Why bring in a batsman for a bowler? July 25, 2006

The irreplaceable Mr. Flintoff

Tim de Lisle argues that England should have replaced Andrew Flintoff with a bowler, to bolster a depleted attack, and not Ian Bell in the first Test against Pakistan at Lord's if they wanted to force a victory

'Flintoff's bowling is central to the way England play; his batting, on its day, is a mighty bonus' © Getty Images

In the week since the Lord's Test petered out into a draw, England have come under heavy fire for their declaration, which left only 80 overs to take 10 wickets with a depleted attack. Duncan Fletcher bristled at the bad reviews, but part of him must know that the only way there was going to be a result was if half the Pakistan team ran themselves out. Anyway, dwelling on the declaration rather misses the point. The rot set in with England's selection. Their line-up could have been hand-picked for a high-scoring draw.

The selectors were in a tight spot, forced to find an answer to their least favourite conundrum: how to replace Andrew Flintoff, exemplary third seamer, big-hitting batsman, crowd-pleasing mood-setter and stand-in captain. Nobody is irreplaceable, they say, but that ancient piece of wisdom can now be shot down in one word: Flintoff.

So, how to replace him? The chairman of selectors, David Graveney, was so exercised by this dilemma, he came out with a public statement that wasn't bland. "You can't replace the irreplaceable," he said, "so you either weaken the batting or the bowling." They opted to weaken the bowling, handing Flintoff's place to Ian Bell, the spare top-order batsman. Bell can bowl quite respectably, but Andrew Strauss didn't ask him to, despite having eight and a half hours to kill in Pakistan's first innings.

The choice of Bell has been acclaimed as the right one because he made a hundred, helping pull England round from a shaky start to a rock-solid 528. I'm not so sure. By picking a batsman, the selectors were further weakening a suit that had already been weakened by the loss of Simon Jones and Ashley Giles. And they were ignoring Pakistan's own injury list, which included both new-ball bowlers, Shoaib Akhtar and Rana Naved, plus the next best thing, Mohammad Asif.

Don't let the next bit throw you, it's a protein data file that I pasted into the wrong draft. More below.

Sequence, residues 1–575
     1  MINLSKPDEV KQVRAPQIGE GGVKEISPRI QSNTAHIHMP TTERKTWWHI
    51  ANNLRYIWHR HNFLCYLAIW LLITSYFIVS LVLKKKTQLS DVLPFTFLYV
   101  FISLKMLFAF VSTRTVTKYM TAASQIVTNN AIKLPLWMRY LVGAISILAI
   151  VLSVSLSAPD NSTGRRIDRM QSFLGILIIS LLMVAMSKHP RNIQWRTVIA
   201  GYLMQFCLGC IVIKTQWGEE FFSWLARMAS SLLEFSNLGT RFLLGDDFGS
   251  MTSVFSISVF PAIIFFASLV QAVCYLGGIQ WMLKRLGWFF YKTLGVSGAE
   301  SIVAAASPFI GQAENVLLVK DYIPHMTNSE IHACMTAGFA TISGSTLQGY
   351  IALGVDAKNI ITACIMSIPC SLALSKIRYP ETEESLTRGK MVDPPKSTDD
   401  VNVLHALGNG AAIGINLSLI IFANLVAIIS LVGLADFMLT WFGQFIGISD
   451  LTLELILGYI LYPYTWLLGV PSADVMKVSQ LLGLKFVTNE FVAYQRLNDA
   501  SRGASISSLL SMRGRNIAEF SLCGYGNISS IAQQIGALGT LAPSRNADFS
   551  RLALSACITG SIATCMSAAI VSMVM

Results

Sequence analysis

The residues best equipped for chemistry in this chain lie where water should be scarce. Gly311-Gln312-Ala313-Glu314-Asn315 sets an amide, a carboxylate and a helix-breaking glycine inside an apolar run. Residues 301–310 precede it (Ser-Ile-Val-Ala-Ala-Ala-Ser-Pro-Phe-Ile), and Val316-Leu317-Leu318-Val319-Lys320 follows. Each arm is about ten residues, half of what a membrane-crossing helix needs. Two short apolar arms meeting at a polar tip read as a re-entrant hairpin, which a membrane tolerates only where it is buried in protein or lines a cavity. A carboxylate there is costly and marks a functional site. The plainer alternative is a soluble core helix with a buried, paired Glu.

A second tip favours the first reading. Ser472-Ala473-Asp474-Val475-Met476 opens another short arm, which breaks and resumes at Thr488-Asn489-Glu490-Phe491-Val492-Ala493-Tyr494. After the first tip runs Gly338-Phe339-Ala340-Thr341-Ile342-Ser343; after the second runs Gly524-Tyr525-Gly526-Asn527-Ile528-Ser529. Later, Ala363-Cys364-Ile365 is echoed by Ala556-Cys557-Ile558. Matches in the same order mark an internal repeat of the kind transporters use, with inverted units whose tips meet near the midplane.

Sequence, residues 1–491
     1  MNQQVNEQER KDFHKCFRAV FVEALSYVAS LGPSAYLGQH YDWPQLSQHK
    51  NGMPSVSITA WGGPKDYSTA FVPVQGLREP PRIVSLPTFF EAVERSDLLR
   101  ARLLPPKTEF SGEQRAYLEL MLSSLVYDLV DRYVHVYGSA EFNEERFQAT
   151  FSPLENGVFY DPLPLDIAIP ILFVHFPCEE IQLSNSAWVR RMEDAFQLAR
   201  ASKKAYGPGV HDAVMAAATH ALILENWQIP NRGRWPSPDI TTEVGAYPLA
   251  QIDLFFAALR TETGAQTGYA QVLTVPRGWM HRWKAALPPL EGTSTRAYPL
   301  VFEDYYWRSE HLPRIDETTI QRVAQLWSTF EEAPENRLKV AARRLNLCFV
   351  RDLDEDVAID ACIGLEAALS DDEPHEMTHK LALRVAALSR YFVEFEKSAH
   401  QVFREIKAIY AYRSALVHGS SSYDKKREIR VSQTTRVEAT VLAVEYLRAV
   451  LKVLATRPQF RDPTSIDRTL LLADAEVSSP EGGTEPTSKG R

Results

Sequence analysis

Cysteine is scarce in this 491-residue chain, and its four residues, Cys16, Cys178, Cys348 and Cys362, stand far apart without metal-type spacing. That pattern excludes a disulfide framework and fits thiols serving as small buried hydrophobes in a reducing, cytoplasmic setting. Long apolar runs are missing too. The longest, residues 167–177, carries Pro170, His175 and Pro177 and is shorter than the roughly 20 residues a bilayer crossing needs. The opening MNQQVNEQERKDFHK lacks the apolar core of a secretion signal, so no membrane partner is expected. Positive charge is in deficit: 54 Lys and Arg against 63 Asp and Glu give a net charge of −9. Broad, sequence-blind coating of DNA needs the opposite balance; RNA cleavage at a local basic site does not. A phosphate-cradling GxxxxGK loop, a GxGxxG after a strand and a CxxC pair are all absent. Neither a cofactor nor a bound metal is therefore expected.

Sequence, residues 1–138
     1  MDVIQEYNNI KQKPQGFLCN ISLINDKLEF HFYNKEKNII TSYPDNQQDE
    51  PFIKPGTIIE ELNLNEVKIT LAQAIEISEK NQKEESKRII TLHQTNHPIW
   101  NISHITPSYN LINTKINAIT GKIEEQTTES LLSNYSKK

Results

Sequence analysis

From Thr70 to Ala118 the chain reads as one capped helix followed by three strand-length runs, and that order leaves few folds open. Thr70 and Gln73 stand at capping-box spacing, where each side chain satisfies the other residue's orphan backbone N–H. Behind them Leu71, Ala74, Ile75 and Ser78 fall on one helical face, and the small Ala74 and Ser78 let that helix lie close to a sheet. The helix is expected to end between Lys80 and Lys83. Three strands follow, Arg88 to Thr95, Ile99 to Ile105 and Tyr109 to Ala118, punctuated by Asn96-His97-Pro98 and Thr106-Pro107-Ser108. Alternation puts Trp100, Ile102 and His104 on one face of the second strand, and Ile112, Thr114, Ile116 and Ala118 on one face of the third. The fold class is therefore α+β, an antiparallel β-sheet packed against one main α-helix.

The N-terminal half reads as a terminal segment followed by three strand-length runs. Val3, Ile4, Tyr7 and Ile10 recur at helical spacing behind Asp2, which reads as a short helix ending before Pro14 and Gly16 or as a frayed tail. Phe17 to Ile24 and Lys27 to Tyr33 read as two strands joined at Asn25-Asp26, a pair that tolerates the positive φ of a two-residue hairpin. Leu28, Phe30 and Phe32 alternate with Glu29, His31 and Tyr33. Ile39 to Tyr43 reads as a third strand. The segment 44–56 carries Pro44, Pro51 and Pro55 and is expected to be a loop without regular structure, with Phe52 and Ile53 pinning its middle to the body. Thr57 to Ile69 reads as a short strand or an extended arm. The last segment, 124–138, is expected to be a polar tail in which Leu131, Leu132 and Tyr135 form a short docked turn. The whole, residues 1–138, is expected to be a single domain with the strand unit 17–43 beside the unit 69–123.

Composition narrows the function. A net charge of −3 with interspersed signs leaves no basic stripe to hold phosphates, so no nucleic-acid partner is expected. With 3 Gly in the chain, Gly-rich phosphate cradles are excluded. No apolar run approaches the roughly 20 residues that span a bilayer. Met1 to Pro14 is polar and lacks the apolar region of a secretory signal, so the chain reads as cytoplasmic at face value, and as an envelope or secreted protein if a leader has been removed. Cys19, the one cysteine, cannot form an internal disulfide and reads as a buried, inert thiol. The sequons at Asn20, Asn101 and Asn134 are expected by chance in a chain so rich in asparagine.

The selectors were saying in effect that they view Flintoff primarily as a batsman. It's true that he has always seen himself as a batter who bowls. But that is just perception taking time to catch up with reality - or, perhaps it's self-protective, preparing for the day when his left foot can stand no more of being slammed into the bowling crease.

Last summer I asked Flintoff what would happen if he could bowl at himself. "Probably get meself out," he said. The LG Ratings have it about right, placing him sixth in the world for bowling and 25th for batting. His bowling is central to the way England play; his batting, on its day, is a mighty bonus. He scores a hundred in every 12th Test, but he takes a four-for every seventh.

'Jamie Dalrymple might score 20 fewer runs per match than Bell, but would be good for a couple of wickets' © Getty Images

Flintoff represents a quarter of England's wickets but only about one-ninth of their runs. You could argue that his runs punch above their weight, because, like Adam Gilchrist's, they come late and fast and grab the initiative. But his wickets are pretty punchy too, as shown by the way he hunts down men like Gilchrist.

A rule of thumb for replacing Flintoff could go like this: if another bowler is missing, pick a bowler; if another batsman is missing, pick a batsman. Currently two other bowlers are missing (Jones and Giles), and one batsman - poor old Michael Vaughan.

Of these losses, only one is acute: Jones, for his reverse swing and his sizzling strike rate. Vaughan is a big loss too, but for his captaincy. His runs, as Lord's confirmed, can be supplied by Alastair Cook or Paul Collingwood, albeit with less flair. (That's another reason Lord's was a draw: all four of England's hundreds came from their more sedate batsmen.)

A team that was serious about winning at Lord's would have picked another bowler-who-bats in place of Flintoff. Admittedly, there were few candidates: the only one coming to mind is Mark Ealham, who, at 36, would have been the Shaun Udal solution.

The selectors have now half-acknowledged their mistake and sent for a batsman-who-bowls, Jamie Dalrymple. He might score 20 fewer runs per match than Bell, but would be good for a couple of wickets, and would free Monty Panesar to be less of a stock bowler and more of a cutting edge. As a second spinner, Dalrymple would also enable Matthew Hoggard and Steve Harmison, the last men standing from the Ashes attack, to bowl in short bursts.

If Dalrymple bats at number six on Thursday, we will know England mean business. If he carries the drinks, and Strauss again has only four bowlers with which to defeat that massive middle order, it will be time to have a little flutter on Pakistan.

Tim de Lisle is a former editor of Wisden and now edits www.timdelisle.com